We analyze the asymptotic behavior of agents engaged in an infinite horizon partially observable stochastic game as formalized by the interactive POMDP framework. We show that when agents' initial beliefs satisfy a truth compatibility condition, their behavior converges to a subjective ɛ-equilibrium in a finite time, and subjective equilibrium in the limit. This result is a generalization of a similar result in repeated games, to partially observable stochastic games. However, it turns out that the equilibrating process is difficult to demonstrate computationally because of the difficulty in coming up with initial beliefs that are both natural and satisfy the truth compatibility condition. Our results, therefore, shed some negative light on using equilibria as a solution concept for decision making in partially observable stochastic games.
When operating in stochastic, partially observable, multiagent settings, it is crucial to accurately predict the actions of other agents. In my thesis work, I propose methodologies for learning the policy of external agents from their observed behavior, in the form of finite state controllers. To perform this task, I adopt Bayesian learning algorithms based on nonparametric prior distributions, that provide the flexibility required to infer models of unknown complexity. These methods are to be embedded in decision making frameworks for autonomous planning in partially observable multiagent systems.
We present a theoretical analysis of Gaussian-binary restricted Boltzmann machines (GRBMs) from the perspective of density models. The key aspect of this analysis is to show that GRBMs can be formulated as a constrained mixture of Gaussians, which gives a much better insight into the model's capabilities and limitations. We show that GRBMs are capable of learning meaningful features both in a two-dimensional blind source separation task and in modeling natural images. Further, we show that reported difficulties in training GRBMs are due to the failure of the training algorithm rather than the model itself. Based on our analysis we are able to propose several training recipes, which allowed successful and fast training in our experiments. Finally, we discuss the relationship of GRBMs to several modifications that have been proposed to improve the model.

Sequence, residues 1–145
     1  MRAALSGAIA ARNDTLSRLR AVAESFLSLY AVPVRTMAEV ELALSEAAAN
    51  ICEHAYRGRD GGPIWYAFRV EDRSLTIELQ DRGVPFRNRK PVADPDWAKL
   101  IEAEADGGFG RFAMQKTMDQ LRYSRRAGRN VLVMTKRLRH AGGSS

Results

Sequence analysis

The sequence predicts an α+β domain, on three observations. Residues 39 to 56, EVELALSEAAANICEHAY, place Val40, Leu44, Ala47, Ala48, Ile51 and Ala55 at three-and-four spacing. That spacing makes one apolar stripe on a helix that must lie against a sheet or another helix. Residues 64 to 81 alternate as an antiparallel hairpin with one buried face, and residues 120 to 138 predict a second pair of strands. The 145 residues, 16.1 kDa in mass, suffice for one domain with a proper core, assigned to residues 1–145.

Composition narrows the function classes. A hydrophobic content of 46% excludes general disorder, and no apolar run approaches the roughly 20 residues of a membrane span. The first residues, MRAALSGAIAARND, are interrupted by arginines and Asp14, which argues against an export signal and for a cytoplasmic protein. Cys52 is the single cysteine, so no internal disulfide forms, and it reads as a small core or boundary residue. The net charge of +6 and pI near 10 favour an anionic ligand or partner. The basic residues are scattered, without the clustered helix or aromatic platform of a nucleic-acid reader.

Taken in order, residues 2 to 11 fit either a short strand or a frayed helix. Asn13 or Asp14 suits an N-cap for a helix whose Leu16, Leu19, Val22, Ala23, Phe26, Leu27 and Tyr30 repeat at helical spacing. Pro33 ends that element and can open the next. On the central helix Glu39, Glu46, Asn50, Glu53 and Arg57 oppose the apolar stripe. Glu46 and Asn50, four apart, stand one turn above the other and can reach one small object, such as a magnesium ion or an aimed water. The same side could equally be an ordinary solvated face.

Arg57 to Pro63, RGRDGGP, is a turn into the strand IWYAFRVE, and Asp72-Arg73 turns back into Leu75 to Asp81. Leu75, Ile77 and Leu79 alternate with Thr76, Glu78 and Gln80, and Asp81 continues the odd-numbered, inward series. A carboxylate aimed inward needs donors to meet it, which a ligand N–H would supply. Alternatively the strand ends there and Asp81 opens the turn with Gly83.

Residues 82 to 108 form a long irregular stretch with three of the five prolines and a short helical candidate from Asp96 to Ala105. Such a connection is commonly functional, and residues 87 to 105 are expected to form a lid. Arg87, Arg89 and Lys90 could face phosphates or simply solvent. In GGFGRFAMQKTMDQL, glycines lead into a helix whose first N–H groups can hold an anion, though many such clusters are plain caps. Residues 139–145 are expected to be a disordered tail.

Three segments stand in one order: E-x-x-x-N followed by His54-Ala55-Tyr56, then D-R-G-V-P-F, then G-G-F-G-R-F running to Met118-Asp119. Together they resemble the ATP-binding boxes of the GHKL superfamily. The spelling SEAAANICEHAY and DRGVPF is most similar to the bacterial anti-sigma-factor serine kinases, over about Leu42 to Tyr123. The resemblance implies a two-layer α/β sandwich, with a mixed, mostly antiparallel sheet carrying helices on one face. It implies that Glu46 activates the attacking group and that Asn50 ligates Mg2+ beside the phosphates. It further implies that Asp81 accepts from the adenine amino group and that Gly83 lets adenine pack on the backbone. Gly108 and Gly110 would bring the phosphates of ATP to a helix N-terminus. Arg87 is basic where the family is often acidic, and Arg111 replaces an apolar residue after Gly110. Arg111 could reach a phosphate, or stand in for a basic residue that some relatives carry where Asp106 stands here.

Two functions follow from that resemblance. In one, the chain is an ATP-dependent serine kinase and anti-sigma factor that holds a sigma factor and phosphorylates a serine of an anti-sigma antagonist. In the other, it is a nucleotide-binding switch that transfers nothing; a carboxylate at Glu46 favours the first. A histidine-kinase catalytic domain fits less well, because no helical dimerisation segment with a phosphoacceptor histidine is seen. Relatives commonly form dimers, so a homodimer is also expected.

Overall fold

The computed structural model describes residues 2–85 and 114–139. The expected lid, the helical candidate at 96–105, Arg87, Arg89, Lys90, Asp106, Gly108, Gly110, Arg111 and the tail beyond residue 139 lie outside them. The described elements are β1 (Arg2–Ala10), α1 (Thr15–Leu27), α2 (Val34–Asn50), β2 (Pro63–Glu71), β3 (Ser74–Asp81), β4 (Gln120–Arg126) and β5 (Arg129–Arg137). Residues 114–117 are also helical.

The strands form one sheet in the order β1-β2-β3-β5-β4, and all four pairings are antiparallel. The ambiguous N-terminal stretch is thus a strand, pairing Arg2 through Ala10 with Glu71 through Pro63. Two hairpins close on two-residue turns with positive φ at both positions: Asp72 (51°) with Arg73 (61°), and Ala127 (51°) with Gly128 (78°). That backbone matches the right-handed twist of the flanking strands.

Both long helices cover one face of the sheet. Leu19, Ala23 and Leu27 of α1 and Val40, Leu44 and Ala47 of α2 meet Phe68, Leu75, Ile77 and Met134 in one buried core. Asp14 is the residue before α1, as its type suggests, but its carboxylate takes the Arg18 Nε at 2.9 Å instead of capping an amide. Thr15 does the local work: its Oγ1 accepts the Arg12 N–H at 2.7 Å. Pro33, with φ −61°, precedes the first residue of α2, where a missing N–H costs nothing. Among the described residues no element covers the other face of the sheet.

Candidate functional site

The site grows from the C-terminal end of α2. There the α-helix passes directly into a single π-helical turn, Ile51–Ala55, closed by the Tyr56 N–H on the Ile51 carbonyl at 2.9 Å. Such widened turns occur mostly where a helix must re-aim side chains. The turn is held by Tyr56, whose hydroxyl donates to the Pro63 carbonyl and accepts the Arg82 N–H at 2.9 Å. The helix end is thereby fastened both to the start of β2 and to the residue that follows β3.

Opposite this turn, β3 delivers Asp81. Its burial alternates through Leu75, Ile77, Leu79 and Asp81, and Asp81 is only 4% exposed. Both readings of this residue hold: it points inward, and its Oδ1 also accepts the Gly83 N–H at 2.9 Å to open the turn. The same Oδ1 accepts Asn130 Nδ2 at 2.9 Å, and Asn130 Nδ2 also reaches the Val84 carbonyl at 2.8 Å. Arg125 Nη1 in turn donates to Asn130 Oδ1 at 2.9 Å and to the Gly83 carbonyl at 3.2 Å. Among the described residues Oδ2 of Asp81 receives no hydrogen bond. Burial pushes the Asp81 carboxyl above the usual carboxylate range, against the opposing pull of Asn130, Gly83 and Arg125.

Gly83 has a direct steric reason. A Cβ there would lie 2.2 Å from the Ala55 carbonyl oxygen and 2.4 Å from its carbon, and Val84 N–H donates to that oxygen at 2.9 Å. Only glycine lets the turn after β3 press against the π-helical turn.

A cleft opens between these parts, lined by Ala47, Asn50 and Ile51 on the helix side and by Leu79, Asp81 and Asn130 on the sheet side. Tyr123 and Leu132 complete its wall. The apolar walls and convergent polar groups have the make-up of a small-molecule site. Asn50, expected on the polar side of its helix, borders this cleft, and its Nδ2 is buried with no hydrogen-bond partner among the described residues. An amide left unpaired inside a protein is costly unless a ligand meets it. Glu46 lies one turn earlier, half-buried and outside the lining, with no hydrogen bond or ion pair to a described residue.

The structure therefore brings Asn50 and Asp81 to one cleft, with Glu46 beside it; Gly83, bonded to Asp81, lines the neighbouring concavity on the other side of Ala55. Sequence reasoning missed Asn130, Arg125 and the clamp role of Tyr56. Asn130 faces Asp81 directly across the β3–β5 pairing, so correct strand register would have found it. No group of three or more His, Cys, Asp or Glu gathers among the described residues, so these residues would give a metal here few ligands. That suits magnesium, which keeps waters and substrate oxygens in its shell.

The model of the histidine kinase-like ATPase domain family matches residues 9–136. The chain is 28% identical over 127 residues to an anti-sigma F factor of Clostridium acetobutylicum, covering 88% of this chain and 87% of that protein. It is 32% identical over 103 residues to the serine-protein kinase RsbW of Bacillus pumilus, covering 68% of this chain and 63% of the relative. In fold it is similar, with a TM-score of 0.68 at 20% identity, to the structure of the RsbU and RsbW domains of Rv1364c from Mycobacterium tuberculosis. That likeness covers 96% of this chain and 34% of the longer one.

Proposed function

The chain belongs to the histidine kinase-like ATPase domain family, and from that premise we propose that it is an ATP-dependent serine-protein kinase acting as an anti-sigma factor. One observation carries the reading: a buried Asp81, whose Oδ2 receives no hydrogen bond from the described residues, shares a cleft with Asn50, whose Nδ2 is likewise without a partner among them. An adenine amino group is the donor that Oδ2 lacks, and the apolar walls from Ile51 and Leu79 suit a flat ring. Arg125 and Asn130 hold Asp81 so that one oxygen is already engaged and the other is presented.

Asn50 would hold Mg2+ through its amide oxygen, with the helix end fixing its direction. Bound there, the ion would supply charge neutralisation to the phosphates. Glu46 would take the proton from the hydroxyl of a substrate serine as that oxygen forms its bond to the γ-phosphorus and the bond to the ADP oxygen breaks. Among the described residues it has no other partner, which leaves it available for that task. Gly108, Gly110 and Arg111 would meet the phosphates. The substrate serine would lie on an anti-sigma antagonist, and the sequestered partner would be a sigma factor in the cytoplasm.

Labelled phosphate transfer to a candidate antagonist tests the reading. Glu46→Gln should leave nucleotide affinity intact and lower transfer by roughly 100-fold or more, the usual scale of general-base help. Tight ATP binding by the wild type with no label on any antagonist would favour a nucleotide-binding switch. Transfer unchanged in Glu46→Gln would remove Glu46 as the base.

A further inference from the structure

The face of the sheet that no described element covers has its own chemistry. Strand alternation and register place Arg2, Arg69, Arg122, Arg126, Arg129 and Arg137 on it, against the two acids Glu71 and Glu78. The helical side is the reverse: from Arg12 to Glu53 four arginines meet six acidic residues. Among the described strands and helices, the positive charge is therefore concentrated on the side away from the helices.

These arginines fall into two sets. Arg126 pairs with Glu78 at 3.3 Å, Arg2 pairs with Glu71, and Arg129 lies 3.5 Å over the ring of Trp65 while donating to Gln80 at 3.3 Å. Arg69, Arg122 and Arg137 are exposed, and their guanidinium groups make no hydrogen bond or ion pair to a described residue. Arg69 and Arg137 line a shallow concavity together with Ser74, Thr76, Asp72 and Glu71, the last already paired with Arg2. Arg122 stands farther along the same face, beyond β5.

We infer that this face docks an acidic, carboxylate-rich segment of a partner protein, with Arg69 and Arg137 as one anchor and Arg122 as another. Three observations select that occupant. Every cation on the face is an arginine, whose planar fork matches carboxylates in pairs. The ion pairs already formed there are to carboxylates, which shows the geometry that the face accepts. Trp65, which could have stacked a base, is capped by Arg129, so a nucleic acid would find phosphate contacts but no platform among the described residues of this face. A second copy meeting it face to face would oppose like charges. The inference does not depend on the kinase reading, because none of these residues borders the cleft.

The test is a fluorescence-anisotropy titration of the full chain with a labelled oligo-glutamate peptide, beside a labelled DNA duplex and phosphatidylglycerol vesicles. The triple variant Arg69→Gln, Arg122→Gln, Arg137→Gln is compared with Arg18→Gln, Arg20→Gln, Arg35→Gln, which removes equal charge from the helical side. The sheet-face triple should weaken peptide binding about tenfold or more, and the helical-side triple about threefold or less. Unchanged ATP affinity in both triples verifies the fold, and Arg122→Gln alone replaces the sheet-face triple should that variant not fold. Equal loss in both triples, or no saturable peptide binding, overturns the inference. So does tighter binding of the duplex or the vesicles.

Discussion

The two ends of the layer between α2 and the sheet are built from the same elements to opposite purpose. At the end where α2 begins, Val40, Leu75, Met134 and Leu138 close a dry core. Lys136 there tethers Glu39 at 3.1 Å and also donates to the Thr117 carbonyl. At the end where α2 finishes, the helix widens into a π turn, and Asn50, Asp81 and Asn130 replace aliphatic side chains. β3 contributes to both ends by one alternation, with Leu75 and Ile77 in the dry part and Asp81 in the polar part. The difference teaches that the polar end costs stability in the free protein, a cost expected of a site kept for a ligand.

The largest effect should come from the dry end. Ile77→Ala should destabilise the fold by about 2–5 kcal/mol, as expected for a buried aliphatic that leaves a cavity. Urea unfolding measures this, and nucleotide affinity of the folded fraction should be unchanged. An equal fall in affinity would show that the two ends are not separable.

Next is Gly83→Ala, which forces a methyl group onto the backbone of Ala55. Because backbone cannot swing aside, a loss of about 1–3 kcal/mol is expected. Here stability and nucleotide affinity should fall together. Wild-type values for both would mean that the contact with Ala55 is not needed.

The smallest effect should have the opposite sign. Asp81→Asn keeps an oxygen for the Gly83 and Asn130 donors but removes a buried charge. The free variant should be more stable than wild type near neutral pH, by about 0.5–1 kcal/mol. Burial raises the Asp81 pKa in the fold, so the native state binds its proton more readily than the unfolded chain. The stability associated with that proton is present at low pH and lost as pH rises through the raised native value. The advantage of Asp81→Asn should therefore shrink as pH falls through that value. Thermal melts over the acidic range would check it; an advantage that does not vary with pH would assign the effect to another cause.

We consider Bayesian analysis of a class of multiple changepoint models. While there are a variety of efficient ways to analyse these models if the parameters associated with each segment are independent, there are few general approaches for models where the parameters are dependent. Under the assumption that the dependence is Markov, we propose an efficient online algorithm for sampling from an approximation to the posterior distribution of the number and position of the changepoints. In a simulation study, we show that the approximation introduced is negligible. We illustrate the power of our approach through fitting piecewise polynomial models to data, under a model which allows for either continuity or discontinuity of the underlying curve at each changepoint. This method is competitive with, or out-performs, other methods for inferring curves from noisy data; and uniquely it allows for inference of the locations of discontinuities in the underlying curve.
Regulation of gene expression often involves proteins that bind to particular regions of DNA. Determining the binding sites for a protein and its specificity usually requires extensive biochemical and/or genetic experimentation. In this paper we illustrate the use of a neural network to obtain the desired information with much less experimental effort. It is often fairly easy to obtain a set of moderate length sequences, perhaps one or two hundred base-pairs, that each contain binding sites for the protein being studied. For example, the upstream regions of a set of genes that are all regulated by the same protein should each contain binding sites for that protein.